Gas flaring. Torch against the sky.
© Leonid Ikan / 123RF Stock Photo

Technology in the oil industry has turned the sector “upside down,” creating an abundance of supply with long-term consequences for pricing, ARC Energy Research Institute’s Peter Tertzakian told a CFA audience in Calgary.

“If you plot the rise of just shale gas in the U.S., the impact of this new modality of extraction is by far the biggest event that’s going on right now,” the author, podcaster and ARC executive director said on a panel at CFA Society Calgary’s annual oil and gas forecast breakfast on Thursday.

Despite ongoing threats from trade wars and a slowing global economy, Tertzakian said the biggest disruption the oil and gas industry now faces is occurring within the industry itself, and has yet to be fully grasped.

“Things have been turned upside down by technology in the field,” he said. “We’ve gone from scarcity to abundance in a very short period of time.”

Canada’s oilpatch is in a difficult situation, but the industry has adapted and has the lowest oil and gas prices in the world, he said.

“I would argue we are much better positioned to ride out the next downturn than any other jurisdiction,” he said.

“My advice is to make sure your business works when oil is between $50 a barrel — maximum $55 a barrel — because that’s the long-term price. Anything above that is gravy.”

The biggest threat to oil prices is how a slowing global economy would impact demand, Tertzakian said.

“We haven’t had a recession in 10 or 11 years, and if and when that comes you can potentially expect to see sub-one million barrels of oil a day,” he said.

Another major issue for Canada’s battered oil and gas industry is environmental, social and governance (ESG) criteria, which have permeated very rapidly into the public markets, Tertzakian said.

“We are at a critical juncture in Canada and in Alberta, because we are losing control of defining those ESG metrics. They’re still fluid and we need to be at the front of this, because if you don’t set the standards, somebody else is going to,” he said.

“We know we are world leaders in ESG, but we are unable to measure it effectively in a standardized manner and communicate it. We need to take back this agenda and set the standards, and at a minimum we need to be a part of the conversation.”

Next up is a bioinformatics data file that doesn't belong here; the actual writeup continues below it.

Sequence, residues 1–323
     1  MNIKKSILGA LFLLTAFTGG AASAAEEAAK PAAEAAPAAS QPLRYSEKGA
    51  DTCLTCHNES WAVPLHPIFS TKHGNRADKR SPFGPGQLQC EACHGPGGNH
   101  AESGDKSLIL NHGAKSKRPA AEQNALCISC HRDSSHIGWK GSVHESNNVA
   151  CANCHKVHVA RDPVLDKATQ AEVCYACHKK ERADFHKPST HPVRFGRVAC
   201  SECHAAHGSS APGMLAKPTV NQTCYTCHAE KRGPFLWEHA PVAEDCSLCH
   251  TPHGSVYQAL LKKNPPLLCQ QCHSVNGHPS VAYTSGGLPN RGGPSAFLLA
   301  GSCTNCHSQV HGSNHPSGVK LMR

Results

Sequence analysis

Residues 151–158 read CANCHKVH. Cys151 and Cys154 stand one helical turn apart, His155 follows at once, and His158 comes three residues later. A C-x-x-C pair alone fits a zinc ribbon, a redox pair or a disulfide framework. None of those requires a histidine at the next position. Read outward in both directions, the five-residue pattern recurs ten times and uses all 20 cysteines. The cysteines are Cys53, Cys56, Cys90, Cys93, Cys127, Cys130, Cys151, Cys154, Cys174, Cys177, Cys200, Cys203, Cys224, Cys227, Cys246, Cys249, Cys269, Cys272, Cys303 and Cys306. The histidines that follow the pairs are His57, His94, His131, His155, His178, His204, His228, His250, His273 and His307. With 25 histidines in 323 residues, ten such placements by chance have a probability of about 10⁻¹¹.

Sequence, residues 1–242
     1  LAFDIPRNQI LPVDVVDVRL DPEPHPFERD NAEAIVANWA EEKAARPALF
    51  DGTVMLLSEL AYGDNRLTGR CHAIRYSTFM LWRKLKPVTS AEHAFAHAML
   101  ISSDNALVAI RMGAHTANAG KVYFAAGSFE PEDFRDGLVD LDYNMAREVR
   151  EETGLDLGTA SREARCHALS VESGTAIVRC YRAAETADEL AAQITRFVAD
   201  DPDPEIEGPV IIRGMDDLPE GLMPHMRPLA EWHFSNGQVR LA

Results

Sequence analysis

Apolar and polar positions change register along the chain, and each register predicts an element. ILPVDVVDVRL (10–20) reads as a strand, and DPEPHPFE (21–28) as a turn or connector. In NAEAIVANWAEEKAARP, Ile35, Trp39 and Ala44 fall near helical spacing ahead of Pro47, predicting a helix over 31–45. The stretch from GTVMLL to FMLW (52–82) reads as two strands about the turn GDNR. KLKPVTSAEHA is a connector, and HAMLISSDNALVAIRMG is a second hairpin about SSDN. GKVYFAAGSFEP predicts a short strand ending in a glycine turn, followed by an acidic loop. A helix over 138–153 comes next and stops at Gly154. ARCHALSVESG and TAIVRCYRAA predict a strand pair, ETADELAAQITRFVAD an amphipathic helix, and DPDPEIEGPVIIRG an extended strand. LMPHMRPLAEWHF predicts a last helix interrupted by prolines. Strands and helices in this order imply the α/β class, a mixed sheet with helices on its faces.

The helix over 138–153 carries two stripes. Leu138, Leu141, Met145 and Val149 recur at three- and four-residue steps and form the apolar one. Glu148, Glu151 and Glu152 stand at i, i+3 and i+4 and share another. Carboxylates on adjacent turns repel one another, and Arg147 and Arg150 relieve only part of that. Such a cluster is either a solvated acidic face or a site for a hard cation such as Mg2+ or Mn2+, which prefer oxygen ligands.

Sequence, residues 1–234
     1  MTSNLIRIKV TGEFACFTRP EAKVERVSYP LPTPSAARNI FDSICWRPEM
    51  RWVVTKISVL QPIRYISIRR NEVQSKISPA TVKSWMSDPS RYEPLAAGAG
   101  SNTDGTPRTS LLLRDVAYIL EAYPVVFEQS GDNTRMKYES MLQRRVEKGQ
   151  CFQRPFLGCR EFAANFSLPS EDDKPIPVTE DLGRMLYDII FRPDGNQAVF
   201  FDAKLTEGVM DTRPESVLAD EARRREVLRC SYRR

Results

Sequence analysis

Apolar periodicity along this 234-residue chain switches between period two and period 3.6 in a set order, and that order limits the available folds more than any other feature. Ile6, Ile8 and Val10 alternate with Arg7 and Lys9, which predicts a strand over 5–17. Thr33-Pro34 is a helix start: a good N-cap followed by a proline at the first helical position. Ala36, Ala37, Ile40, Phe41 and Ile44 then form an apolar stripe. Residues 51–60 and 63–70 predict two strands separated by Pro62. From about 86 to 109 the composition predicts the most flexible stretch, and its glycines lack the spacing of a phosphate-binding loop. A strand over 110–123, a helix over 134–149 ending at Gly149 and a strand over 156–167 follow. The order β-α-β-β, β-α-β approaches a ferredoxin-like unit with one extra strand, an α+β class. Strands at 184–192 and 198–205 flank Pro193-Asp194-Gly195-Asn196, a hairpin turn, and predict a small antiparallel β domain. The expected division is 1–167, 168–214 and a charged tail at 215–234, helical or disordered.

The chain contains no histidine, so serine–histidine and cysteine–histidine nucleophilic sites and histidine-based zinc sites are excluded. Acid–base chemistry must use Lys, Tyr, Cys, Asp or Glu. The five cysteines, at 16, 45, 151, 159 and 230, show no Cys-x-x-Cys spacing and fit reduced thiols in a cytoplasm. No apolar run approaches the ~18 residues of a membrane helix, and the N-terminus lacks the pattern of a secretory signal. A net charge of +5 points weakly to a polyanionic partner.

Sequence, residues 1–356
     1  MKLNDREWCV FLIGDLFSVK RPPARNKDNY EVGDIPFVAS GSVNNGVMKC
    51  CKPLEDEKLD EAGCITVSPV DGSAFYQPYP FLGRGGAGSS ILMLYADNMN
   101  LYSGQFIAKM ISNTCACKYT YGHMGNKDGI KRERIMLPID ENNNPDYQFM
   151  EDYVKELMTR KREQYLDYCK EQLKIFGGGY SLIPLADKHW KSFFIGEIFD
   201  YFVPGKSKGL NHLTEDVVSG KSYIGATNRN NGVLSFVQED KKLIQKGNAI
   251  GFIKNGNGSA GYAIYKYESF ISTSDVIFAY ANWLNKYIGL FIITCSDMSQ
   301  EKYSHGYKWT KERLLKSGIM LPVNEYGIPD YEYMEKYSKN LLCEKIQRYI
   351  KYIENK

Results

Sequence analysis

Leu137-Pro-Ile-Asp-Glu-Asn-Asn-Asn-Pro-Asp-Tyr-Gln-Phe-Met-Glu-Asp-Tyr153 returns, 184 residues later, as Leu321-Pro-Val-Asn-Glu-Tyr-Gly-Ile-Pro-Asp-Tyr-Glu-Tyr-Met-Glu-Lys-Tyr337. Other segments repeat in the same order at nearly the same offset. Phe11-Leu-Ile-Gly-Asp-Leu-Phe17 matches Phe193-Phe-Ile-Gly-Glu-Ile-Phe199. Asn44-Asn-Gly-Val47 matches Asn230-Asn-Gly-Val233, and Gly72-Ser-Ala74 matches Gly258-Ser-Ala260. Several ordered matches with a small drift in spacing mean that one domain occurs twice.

Michael Tran, RBC Capital Markets managing director, global energy strategy, said companies that do well according to ESG criteria are generally much better-run companies.

“If you become a cash-generating machine, you get to a point where you can’t be ignored — capital has to come back,” he said on the panel.

Tran sees China, India and the rest of emerging Asia as the three pillars of demand growth for the oil and gas industry in the next year and beyond, though he added that Chinese gasoline demand growth has started to slow.

“What concerns me is not just natural economics at play, but the Chinese government pushing away from fossil fuels toward electric vehicles,” he said.

“China is one of the last few pillars of global oil demand and, through sheer will, Chinese government policy is starting to shape how we think about global oil growth demand going forward.”

Transforming the industry with tech

One of the bright spots for the oil and gas industry is technology, which offers the potential to drive down production costs.

“Energy companies need to make investments to start capturing that value,” IBM Canada associate partner Adnan Haider said on the panel.

According to the World Economic Forum, Haider noted, there is approximately $1 trillion in value that oil firms can capture over the next 10 years through what he called “Industry 4.0” — a combination of data analytics, the internet of things and digital transformation.

“Market leaders are investing in this space and they are starting to see the returns,” Haider said. “They are actively improving operational excellence — driving efficiency, lowering costs of production, lowering administrative overhead — and they are increasing production.”

On the production side, there is a significant role that data and analytics can play in achieving the environmental stewardship metrics that companies are looking for, he added. For example, artificial intelligence can enable plant operators and site supervisors to make real-time decisions to optimize energy consumption and oilsands tailings losses, and reduce flaring and greenhouse gas emissions.

For those in an investment management role, advanced analytics can help ingest unstructured data, filter it, and distil and analyze it at scale, Haider said.